Dr McKenna, quite sensibly, wanted to examine Lindsay. What I saw was a young woman whose labia minora protruded from her labia majora by a small amount. Dr McKenna exclaimed that she could see this was "a big problem". It was explained that the condition is known as 'hypertrophic labia', and that common causes are hormones produced in puberty and childbirth, that sufferers can have problems with personal hygiene and discomfort when having sex, playing sport, even walking. Not that Lindsay mentioned having any of these problems, beyond needing to part her labia for sex, what she talked about was embarrassment about the look of her labia. Nevertheless, Dr McKenna tells her there are procedures that can help; surgical procedures.

The next thing we know, Lindsay is on an operating table having labiaplasty. The surgeon commented that there was a "fair amount of excess", and that the condition can cause psychological and physiological problems including infection (again note that Lindsay had not complained of having a problem with infections). Operation completed, the surgeon noted that there was "a big difference in appearance".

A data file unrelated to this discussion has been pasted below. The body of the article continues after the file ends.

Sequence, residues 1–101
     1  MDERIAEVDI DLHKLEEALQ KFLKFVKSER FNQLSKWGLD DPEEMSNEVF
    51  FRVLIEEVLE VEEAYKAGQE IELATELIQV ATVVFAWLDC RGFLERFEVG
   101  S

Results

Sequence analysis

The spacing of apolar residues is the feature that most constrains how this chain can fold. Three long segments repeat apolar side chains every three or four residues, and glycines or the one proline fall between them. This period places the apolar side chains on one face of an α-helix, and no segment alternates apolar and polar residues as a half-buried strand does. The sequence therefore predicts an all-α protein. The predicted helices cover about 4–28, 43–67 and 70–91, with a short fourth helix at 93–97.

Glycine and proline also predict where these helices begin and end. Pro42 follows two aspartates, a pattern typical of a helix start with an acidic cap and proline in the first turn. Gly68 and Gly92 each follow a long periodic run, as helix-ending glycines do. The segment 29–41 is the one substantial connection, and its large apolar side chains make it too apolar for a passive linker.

I was absolutely gob-smacked. Here was a golden opportunity to reach out to young women with large labia minora and reassure them about their normality, but no, it was presented as "a big problem", a medical abnormality needing surgical correction. My question is, if this is a medical condition requiring a surgical solution, why do searches for labiaplasty and labia reduction on NHS Direct, return no results? Why does the programme's own website state that "this is seen as cosmetic and will not usually be available on the NHS"? Just a general search for labiaplasty on the internet returns many results – almost exclusively from cosmetic surgeons.

When the young woman returned for her follow up consultation, Dr McKenna said that she "had been experiencing an awful lot of discomfort". Well no, she hadn't, had she? She had been experiencing an awful lot of embarrassment, which is not the same thing at all. The woman declared that "she felt a lot happier", "a lot cleaner" and Dr McKenna mentioned again how "very obvious" and "really noticeable" her labia had been and "how flush" they were now.